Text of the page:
Corinna Huntington Hodel On 'I Am The Night' Isn't A Real Person, But She Does Have A Real-Life Counterpart

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With only one episode left of I Am the Night, Fauna has finally found out the truth about her heritage. George Hodel's ex-wife unknowingly helped Fauna find her mother Tamar, but Corinna Huntington in I Am the Night still seems like she's got plenty of secrets. Wonder Woman actor Connie Nielsen, who plays Corinna, has called her I Am the Night character "pretty outrageous" on Instagram. And while that's undoubtedly true, like most other characters on the miniseries, she's based on a real person.

Corinna is the stepmother of Fauna's birth mother Tamar, and the series shows they had a complicated and fraught relationship. But while most of the characters from I Am the Night are based on real people and also share their real-life counterparts' names, there was no Corinna Huntington Hodel in real life. However, the character is still based on a real person in history. As The Hollywood Reporter noted in an interview with I Am the Night costume designer Rhona Meyers, the character of Corinna is based on Dorothy Huston Hodel, George's second wife and the ex-wife of movie director John Huston.

Huston is the father of Anjelica Huston, but Dorothy was not the actress' mother. Vanity Fair published excerpts from Anjelica's memoir, where she wrote that Dorothy was her father's first wife. Anjelica also discussed her father's sexual promiscuity and noted that she didn't learn until she was older that her father had been married three times before he wed her mother. She wrote that she first learned about his previous wives when she heard talk that Dorothy had become an alcoholic.

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Most of the readily available information about Dorothy Huston Hodel (née Harvey) comes from her son, Steve Hodel. Steve wrote on his blog that Dorothy and Hodel had four children together — Michael in 1939, twins Steve and John in 1941 (John died two weeks after birth), and Kelvin in 1942. In a profile of Tamar, Du Jour magazine wrote that Tamar was born in 1935 to another Dorothy — Dorothy Anthony. As explained in the "George's Gift" episode of the companion podcast to I Am the Night, Root of Evil, Dorothy married Hodel in 1940, and to avoid any confusion with Tamar's mother, George nicknamed his new wife "Deroro." The podcast also noted how Hodel and Dorothy's ex-husband Huston were friends and shared an interest in the surrealist art movement.

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On the podcast, which is hosted by Fauna's daughters Yvette Gentile and Rasha Pecoraro, they explain that Dorothy and Hodel divorced in 1946, but that Dorothy and their children continued to live with George at the Franklin House, which has been featured in I Am the Night. Steve wrote on his blog that his family lived at home from 1945 to 1950 — and he corroborates the rumors that Dorothy was an alcoholic.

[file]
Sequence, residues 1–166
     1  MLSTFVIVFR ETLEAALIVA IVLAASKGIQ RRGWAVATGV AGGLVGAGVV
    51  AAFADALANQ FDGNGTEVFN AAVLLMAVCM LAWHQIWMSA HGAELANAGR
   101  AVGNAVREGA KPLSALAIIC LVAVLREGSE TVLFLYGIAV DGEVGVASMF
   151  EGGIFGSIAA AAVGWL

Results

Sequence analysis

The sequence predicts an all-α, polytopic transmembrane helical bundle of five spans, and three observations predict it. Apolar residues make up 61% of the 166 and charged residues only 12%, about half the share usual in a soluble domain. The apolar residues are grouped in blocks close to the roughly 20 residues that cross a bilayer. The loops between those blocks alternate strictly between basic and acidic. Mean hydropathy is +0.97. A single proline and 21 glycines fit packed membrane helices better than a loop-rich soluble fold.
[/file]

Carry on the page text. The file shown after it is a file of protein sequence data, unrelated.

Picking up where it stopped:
Steve is a retired Los Angeles police detective and, as he writes on his blog and in his Black Dahlia Avenger books, he believes his father did kill the Black Dahlia and a number of other women. He also asserts that he thinks his mother knew about his father's alleged crimes. Steve and Kelvin (going by the name Kelly) discuss in the "George's Gift" episode of Root of Evil how they believe their mother feared their father. Though they say they never witnessed their father physical abusing their mother, one of the sons says he believed it occurred. Root of Evil also alleges that Dorothy and Hodel shared sexual partners and that when Tamar told Dorothy that Hodel had slept with her, Dorothy was the one who told her stepdaughter to flee the home.

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On his blog, Steve has shared pleasant childhood memories of his mother as well, like how his mom would sing the same folk ballad to him and his siblings at bedtime once a week. Steve also claimed his mother worked as a script doctor on the 1948 film The Treasure of the Sierra Madre, which Huston wrote and directed. (Huston's father Walter also starred.) Dorothy is not credited, but Steve wrote that his mother and Huston had remained friends after their divorce and the director allegedly requested that his ex-wife fix the dialogue of the child character played by Robert Blake, since she was the mother to three boys. Steve also noted that his mother wrote for film and radio in the 1930s and 1940s, so she was artistic like her TV counterpart — just in a different medium.

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While Dorothy is the basis for Corinna, the TV show has taken liberties with the character — just as it has with all of Fauna's story. But no matter how she is portrayed on I Am the Night, Steve called his mother "the most remarkable woman I have ever known" on his blog. So she is well-remembered despite the family's complex and often-shocking past. And you can keep following the Hodel's story — and possibly learn more about Dorothy — after I Am the Night wraps up, thanks to the family sharing their story on Root of Evil.